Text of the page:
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A Portrait of Liberty Lecture
America’s dedication to ordered liberty is rooted in the Anglo-American culture of the 17th and 18th Centuries. There is a long line of cultural continuity from the period preceding the American Revolution to the Declaration of Independence and the U.S. Constitution, including the Bill of Rights.
The American colonists from the earliest days shared the 17th Century British experience of the battles against the tyranny of the Stuarts and the development of the common law mind of Sir Edward Coke. In the 18th Century the classical republican heroes and martyrs of the 17th Century, John Hampden and Algernon Sidney, continued to resonate in the rhetoric and iconography of the English friends of America, William Pitt, John Wilkes, and Lord Camden.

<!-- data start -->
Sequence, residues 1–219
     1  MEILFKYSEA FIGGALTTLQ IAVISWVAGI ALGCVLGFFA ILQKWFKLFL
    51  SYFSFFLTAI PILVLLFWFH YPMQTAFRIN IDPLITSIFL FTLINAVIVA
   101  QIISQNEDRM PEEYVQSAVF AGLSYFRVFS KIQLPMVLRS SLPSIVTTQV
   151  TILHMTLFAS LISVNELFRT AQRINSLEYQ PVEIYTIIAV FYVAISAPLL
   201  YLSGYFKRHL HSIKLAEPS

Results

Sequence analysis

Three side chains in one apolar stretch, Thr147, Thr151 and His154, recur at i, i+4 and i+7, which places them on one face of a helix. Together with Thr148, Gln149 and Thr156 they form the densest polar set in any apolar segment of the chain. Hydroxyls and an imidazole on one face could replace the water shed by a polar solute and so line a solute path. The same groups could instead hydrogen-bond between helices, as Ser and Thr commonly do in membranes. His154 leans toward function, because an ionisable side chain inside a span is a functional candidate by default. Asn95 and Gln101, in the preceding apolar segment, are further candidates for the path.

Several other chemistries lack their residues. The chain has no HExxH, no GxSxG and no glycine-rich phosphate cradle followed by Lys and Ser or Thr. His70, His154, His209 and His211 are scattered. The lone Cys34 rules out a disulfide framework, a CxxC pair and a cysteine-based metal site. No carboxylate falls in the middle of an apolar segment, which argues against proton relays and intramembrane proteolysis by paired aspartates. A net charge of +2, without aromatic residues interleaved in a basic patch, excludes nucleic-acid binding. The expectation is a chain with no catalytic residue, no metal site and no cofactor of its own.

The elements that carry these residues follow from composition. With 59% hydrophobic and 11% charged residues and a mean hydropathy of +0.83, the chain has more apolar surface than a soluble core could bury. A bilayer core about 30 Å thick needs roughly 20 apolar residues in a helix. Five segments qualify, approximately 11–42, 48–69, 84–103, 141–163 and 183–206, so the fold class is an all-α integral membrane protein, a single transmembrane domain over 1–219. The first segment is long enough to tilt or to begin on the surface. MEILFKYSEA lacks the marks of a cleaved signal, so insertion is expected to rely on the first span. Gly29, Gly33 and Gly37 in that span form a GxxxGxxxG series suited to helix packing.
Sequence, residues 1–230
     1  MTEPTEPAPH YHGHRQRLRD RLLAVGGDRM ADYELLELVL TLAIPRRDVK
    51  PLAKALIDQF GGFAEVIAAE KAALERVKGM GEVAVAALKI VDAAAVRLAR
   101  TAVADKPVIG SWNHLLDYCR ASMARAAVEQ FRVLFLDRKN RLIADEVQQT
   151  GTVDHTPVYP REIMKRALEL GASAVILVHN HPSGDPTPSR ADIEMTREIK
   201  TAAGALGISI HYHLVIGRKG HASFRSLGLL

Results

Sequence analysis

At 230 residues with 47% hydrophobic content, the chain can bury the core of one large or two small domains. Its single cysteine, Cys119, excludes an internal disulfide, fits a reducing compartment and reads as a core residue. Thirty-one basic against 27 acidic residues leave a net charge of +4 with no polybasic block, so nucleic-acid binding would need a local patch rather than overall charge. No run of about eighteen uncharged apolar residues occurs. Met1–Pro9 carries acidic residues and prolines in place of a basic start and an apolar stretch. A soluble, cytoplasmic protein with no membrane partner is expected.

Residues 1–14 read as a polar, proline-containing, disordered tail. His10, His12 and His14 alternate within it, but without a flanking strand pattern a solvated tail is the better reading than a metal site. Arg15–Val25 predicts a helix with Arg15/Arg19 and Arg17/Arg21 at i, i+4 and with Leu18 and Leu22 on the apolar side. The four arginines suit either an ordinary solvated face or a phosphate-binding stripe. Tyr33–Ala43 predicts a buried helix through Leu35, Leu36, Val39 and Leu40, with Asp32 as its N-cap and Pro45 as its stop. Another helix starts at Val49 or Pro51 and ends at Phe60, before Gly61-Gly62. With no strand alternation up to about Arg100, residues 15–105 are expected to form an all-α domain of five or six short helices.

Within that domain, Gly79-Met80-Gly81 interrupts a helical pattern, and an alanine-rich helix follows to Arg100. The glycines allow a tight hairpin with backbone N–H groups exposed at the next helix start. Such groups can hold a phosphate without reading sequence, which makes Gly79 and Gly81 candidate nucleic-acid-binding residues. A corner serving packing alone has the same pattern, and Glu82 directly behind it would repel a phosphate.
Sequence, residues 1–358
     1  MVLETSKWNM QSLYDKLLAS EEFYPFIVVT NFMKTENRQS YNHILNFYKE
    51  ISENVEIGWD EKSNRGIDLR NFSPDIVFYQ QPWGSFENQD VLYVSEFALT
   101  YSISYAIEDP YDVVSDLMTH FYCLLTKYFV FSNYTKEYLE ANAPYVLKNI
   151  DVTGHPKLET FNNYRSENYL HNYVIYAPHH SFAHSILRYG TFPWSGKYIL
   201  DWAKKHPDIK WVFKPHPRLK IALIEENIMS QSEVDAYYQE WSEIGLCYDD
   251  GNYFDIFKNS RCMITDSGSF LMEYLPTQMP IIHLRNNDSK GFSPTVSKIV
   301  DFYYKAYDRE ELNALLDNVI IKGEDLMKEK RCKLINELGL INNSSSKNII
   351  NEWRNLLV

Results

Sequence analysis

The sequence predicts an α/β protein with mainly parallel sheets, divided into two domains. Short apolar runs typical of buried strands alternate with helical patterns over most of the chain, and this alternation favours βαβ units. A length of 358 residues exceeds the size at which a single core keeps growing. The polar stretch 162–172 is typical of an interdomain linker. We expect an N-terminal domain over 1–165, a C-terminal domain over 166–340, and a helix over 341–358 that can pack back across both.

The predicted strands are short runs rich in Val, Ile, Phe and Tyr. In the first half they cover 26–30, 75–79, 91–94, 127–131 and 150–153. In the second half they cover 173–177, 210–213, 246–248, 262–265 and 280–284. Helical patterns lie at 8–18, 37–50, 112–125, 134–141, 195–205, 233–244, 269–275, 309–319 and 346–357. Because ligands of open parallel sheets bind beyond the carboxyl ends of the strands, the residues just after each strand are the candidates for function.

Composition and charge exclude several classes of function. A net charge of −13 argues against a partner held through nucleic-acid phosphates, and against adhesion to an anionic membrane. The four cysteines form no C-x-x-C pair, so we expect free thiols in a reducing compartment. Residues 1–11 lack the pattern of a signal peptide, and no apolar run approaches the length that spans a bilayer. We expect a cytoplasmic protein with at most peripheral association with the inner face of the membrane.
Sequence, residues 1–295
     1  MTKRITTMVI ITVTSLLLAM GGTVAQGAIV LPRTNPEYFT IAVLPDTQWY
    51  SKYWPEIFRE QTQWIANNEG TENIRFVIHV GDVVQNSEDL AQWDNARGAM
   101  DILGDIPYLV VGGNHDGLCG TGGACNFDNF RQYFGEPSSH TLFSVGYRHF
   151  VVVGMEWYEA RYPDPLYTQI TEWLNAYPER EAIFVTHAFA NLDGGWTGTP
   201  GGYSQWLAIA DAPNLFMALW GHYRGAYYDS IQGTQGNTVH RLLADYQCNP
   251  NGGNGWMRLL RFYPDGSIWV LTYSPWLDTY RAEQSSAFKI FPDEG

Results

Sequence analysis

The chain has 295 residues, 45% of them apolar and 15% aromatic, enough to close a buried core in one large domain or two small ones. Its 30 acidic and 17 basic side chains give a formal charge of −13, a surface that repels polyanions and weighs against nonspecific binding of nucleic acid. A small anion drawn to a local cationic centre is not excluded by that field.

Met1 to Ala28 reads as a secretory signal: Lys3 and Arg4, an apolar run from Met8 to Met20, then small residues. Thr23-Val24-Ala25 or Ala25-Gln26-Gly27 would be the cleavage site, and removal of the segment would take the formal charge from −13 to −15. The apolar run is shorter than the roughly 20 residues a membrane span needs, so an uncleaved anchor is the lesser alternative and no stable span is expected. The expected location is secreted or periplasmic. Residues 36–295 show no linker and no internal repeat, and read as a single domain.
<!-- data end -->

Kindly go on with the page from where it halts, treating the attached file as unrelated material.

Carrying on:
The American Revolution was conservative at its highest levels of intellectual and spiritual formation. Contemporary political movements appealing to early American experience would do well to ground themselves in the cultural background provided by Magna Carta.
Please join The Heritage Foundation for the third and concluding lecture of our Portrait of Liberty Lecture series.
More About the Speakers
Professor William F. Campbell
Secretary of The Philadelphia Society and Professor Emeritus of Economics, Louisiana State University
Edwin J. Feulner, Ph.D.
Founder, Chairman of the Asian Studies Center, and Chung Ju-yung Fellow